It’s a new year, which means a chance for a new you, right? Every January, people make health resolutions and set weight-loss goals. But the stressful effects of 2020 won’t magically disappear from your body when you ring in the new year and pop the champagne.
The past year challenged all of us in many ways. Because of the combination of stressful situations, job loss, quarantine, delayed doctor appointments and closed gyms, many Americans struggled with weight gain in 2020. A summer survey found that 76% of Americans had gained up to 16 pounds during the months of lockdown. This was mainly due to disrupted schedules, increased snacking, added stress and lack of physical activity. People jokingly referred to their weight gain as the “COVID 15,” but the health risks of increased weight are no laughing matter.
Military families are not immune to the health struggles of the COVID-19 shutdowns. In fact, COVID-19 added additional stress to common military challenges. In 2020, many military spouses found themselves stress eating due to the uncertainty of repeated deployment extensions and delayed PCS moves. COVID-19 lockdowns removed support systems, leaving spouses feeling isolated, anxious and alone. Some families waiting on deployment extensions or PCS approval after the Stop Move order found themselves coping with wine and chocolate.
If you are a military spouse who struggled with stress last year, it’s no surprise you may have put on some weight. Perhaps you are ready to shed some of those “COVID 15” pounds but aren’t sure where to begin, since gyms are still closed and your schedule still feels unbalanced. Here are some steps you can take to help you get healthy:
- Make small changes. If you gained weight over the past year, it may take several months to get back to your healthier size. Don’t try to rush things or follow a quick weight loss solution. It’s always better to aim for slow and steady weight loss – around one or two pounds per week – to maintain a healthy weight. Don’t buy into weight loss schemes or products that will leave you frustrated and disappointed. Instead, make a plan with small changes that you can maintain long-term.
- Clean up your snacking. The past year impacted many of our eating, drinking and food-shopping habits. Stress eating, ordering takeout and the lack of a regular meal schedule can all contribute to weight gain. There’s no need to switch to salads or go on a juice cleanse. But you can easily trim pounds when you cut out soda, fast food, late-night snacks and alcohol from your diet. Make a list of healthy snacks or meals to replace the bad ones and buy one next time you go to the store or order your groceries online. By swapping out old foods with a few new foods each week, you will cut calories.
- You don’t need a gym to be fit. When gyms closed during lockdown, it may have affected your exercise routine. Some people invested in weight equipment or treadmills and started working out in their garage. Maybe that was you until you lost motivation. Or maybe you never had the money to start a home gym. The good news is you can get fit without expensive equipment. Walking is one of the best exercises and can contribute to weight loss. Start by walking around your neighborhood for 20 minutes every day. If you want to challenge yourself, turn the walking into jogging. If you aren’t up for that, start a Couch to 5K plan to improve gradually. Need motivation? Ask a friend if they will do socially-distanced walks or runs with you, staying a few feet apart on the sidewalk. Stop making excuses about the gym being closed and develop a new plan that works for you.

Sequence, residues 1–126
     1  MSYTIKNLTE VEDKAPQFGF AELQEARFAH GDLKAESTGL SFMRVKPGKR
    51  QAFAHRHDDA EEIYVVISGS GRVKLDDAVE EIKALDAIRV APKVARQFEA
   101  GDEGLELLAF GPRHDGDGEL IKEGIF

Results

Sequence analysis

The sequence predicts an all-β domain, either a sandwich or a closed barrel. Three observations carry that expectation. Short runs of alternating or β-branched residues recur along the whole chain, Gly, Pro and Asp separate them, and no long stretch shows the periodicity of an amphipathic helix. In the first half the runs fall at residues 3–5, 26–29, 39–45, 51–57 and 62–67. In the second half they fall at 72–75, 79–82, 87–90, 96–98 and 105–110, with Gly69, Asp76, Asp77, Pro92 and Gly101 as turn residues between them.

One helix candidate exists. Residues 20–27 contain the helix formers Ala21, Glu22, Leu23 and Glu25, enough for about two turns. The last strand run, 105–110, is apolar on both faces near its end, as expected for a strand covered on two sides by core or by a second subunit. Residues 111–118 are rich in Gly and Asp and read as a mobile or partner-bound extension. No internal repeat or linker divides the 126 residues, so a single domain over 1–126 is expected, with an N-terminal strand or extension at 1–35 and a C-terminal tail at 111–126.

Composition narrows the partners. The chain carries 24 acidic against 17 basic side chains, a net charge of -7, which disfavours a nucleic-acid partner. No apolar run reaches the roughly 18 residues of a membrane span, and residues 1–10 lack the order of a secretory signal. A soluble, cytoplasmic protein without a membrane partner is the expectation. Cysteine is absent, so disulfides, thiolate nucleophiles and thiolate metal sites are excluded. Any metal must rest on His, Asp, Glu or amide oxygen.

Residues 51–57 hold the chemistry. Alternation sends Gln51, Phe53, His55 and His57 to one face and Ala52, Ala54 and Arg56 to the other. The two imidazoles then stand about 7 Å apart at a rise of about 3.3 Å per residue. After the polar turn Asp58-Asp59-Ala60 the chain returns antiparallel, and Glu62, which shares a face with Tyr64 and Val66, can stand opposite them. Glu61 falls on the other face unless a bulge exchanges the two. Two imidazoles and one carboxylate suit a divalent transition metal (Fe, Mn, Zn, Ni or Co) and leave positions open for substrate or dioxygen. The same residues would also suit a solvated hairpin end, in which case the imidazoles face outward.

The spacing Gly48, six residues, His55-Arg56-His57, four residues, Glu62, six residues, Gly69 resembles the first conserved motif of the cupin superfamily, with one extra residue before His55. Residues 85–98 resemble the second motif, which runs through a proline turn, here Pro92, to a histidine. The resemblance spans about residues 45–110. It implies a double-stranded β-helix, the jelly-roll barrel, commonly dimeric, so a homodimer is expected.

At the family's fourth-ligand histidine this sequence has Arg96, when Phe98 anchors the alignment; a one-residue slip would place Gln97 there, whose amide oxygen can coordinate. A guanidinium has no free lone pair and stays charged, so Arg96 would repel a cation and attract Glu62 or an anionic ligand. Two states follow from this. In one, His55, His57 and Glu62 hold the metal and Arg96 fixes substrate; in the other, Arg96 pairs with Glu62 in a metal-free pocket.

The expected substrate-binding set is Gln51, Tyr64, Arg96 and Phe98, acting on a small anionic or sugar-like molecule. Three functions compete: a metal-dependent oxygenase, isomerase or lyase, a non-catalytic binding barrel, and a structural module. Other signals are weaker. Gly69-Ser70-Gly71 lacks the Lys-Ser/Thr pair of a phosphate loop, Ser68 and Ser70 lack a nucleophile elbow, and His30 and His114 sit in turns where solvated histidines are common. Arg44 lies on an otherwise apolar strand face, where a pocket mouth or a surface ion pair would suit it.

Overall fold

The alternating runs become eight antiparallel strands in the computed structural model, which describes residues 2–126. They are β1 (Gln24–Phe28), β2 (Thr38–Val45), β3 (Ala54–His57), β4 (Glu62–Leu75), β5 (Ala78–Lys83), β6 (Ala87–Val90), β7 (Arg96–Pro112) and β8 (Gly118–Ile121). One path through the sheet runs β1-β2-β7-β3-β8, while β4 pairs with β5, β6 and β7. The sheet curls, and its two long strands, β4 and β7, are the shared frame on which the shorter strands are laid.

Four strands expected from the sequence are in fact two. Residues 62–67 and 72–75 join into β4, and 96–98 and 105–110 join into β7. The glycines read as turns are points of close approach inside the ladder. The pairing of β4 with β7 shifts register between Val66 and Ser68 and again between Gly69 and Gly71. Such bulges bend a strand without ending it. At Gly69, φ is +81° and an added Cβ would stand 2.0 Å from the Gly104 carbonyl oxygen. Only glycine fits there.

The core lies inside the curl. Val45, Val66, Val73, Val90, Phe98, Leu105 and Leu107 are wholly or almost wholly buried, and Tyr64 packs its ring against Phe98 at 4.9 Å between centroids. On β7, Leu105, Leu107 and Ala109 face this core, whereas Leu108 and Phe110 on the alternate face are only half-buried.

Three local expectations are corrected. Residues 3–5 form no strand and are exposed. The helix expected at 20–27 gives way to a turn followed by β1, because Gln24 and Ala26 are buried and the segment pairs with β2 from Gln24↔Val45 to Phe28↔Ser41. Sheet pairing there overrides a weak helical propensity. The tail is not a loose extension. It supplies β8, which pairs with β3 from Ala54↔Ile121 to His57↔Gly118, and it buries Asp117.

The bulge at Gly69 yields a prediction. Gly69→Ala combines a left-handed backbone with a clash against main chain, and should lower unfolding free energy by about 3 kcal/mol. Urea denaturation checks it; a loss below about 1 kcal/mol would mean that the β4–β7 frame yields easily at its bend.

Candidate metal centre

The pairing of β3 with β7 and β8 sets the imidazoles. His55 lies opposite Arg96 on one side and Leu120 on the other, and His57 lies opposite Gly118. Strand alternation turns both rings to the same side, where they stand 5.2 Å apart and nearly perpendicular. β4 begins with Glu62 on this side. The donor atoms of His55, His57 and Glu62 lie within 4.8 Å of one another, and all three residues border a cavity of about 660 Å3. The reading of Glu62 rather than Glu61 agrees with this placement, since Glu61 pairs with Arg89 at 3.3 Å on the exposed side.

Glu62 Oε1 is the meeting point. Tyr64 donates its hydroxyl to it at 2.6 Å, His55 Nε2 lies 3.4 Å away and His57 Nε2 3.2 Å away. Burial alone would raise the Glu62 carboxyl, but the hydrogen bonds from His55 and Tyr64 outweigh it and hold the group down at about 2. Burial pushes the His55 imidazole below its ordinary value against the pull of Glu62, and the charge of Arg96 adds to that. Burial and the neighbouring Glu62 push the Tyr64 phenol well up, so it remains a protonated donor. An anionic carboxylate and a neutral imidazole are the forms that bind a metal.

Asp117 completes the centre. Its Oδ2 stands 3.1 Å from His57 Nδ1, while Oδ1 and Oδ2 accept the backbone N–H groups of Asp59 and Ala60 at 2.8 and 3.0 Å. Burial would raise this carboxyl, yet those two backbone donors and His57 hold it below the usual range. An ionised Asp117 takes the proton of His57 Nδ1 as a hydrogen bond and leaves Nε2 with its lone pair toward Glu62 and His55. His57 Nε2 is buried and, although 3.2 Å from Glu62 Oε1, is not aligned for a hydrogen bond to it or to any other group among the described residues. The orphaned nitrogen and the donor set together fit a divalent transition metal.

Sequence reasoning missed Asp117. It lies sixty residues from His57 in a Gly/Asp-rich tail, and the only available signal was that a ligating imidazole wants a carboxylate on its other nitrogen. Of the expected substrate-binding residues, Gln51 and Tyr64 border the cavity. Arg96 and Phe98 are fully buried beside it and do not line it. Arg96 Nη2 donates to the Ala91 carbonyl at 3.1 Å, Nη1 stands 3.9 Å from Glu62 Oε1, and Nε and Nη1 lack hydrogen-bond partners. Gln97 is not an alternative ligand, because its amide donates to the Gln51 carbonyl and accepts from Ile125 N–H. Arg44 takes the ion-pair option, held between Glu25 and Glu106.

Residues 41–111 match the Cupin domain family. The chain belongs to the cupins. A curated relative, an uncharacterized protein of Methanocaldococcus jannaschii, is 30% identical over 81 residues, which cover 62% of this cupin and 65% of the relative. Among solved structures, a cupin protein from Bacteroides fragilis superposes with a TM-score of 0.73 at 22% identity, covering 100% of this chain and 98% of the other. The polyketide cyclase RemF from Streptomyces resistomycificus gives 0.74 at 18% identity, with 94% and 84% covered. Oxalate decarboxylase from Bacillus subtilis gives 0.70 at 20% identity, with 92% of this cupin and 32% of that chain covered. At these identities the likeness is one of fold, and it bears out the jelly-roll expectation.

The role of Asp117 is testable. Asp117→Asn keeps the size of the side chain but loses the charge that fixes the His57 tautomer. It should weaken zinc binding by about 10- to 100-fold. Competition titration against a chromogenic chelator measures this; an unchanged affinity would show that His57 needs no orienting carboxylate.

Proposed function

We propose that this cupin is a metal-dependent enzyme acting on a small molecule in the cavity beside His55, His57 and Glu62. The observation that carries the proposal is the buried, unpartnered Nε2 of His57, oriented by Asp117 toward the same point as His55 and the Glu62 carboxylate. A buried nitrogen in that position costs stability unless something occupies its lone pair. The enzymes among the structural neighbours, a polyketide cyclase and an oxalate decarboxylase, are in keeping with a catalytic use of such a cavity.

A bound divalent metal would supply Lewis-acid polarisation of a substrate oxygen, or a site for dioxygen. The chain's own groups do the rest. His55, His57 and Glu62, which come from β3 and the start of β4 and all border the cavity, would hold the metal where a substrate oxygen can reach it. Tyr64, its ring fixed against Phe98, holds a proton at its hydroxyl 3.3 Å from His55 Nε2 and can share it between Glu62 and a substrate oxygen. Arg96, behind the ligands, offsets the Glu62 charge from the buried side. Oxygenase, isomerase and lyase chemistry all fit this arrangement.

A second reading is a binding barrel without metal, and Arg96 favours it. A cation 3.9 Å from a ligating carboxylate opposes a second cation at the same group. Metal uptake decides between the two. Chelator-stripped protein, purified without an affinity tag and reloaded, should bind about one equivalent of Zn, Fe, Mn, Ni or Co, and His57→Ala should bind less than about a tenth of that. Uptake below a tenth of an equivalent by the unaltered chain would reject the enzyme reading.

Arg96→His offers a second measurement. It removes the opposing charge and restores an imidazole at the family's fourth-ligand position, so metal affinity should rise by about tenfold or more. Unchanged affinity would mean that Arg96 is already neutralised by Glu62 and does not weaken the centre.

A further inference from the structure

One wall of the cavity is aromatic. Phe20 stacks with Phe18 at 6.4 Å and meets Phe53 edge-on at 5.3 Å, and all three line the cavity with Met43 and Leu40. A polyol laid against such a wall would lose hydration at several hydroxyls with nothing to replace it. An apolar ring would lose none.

- Choose to move every day. If 2020 had you spending way too much time on your couch, then you need to make intentional changes in the new year. Brainstorm simple ways you can get outside or get moving on a regular basis. You can walk around the block, do morning stretches or a yoga routine, visit a local park or nature trail, jog with your dog instead of walking, walk in circles while listening to your favorite podcast, take a dance break a few times each day, play with your kids at the playground or do a body-weight workout. The more you move, the stronger you will become, and those new muscles will help you shed the “COVID 15.”
- Look at your habits. It’s time for a moment of honesty. You probably picked up some bad habits in 2020. It turns out that binge-watching, doomscrolling and stress eating are not good for either your physical or your mental health. When you are trying to lose weight, it’s important to look at all of your habits and how they affect your health: Are you getting enough sleep at night? Do you have people to talk to when you’re feeling down? Are you still pursuing hobbies you enjoy? Write down some small habits you can change, one at a time. Each one brings you closer to overall health.
We are all relieved to say goodbye to 2020 and look forward to a better year ahead. When you make these small adjustments on a steady and intentional basis, you will start to see results. Soon, you can leave the final weight of 2020 behind when you shed the “COVID 15” and enjoy a healthier you!